Though the Argentine’s methods can be unorthodox to say the least and there is more than a hint of madness about him, Bielsa rarely fails to improve a player through his coaching.
The Elland Road club announce the signing of defender Diego Llorente from Real Sociedad
Striker Rodrigo (left) is the club’s record signing after his £27m move from Valencia
You sense that if Bielsa had his way, he’d keep the small but tightly-knit squad that won the Championship by 10 points last season.
But a balance had to be struck with new additions necessary to ensure Leeds were competitive in the Premier League.
Though £100m has been spent, there is so much more logic about the players brought in by Leeds than the oft-cited example of Fulham following their elevation to the top flight in 2018.
The London club adopted a scattergun approach to recruitment without any real strategy of continuity and the three managers they got through during a miserable season all failed to accommodate the new signings.
Bielsa has worked with a small squad in the Championship for the past two seasons with great success.
Last season, only 15 Leeds players started 10 or more Championship matches and two of those were goalkeepers. Meslier almost certainly wouldn’t have got there if not for Kiko Casilla’s eight-match suspension for racial abuse.
Bielsa is meticulous and demanding but ensures he gets the maximum out of his players
The small squad is remarkable given the Championship is a 46-game marathon and given the intensity of Bielsa’s style of football.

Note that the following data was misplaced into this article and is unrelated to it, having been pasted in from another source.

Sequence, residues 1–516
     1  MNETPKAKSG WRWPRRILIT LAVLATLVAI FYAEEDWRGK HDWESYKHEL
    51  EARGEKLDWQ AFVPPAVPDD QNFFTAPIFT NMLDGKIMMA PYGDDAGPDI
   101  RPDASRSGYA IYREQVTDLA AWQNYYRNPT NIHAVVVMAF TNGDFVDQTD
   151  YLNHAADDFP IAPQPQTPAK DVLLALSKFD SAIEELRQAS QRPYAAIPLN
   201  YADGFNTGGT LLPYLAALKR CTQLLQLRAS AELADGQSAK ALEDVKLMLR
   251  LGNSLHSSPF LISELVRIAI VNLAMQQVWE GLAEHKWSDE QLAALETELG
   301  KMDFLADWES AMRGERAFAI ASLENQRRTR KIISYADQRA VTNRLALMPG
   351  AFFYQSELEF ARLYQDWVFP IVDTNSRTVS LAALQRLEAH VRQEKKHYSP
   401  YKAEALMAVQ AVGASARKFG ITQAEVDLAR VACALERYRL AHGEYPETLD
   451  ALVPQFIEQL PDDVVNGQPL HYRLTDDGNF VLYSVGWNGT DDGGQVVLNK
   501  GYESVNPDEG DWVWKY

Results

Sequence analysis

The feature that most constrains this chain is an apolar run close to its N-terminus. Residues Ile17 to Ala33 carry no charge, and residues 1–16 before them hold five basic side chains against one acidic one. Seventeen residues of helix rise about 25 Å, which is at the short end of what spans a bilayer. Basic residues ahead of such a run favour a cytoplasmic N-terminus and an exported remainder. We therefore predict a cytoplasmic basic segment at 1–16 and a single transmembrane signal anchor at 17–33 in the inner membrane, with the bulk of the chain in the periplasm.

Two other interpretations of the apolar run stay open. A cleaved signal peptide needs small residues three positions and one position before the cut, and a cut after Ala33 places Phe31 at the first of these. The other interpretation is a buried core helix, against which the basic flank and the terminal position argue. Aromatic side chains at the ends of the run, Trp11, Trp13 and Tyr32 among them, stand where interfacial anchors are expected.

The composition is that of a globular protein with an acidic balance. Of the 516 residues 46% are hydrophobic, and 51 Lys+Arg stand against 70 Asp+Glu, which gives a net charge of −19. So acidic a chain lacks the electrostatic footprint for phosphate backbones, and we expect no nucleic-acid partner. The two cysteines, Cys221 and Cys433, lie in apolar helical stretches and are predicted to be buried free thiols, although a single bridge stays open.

But the Argentine would much prefer a small group of players who are willing to listen and learn and faithful to his methods than a bloated squad with discontented fringe players.
Harmony is all important and any new additions – rigorously scrutinised by the meticulous Bielsa and his staff, of course – have to be the right fit.
It’s why suggestions Leeds were interested in signing Edinson Cavani proved far-fetched.
Leeds were linked with PSG striker Edinson Cavani earlier in the summer but the Uruguayan would hardly have been the right fit
Bielsa was seemingly satisfied when Robin Koch signed from Freiburg for £11.7m to replace Ben White, who returned to Brighton after his loan.
Eventually he relented and allowed a second centre half – Llorente – to be brought in to ensure his squad was robust enough for the Premier League.
What is clear is that Leeds have made summer additions that have allowed them and Bielsa to remain true to themselves.
To spend £100m and preserve would be an achievement but only time will tell if Leeds sink or swim in the Premier League.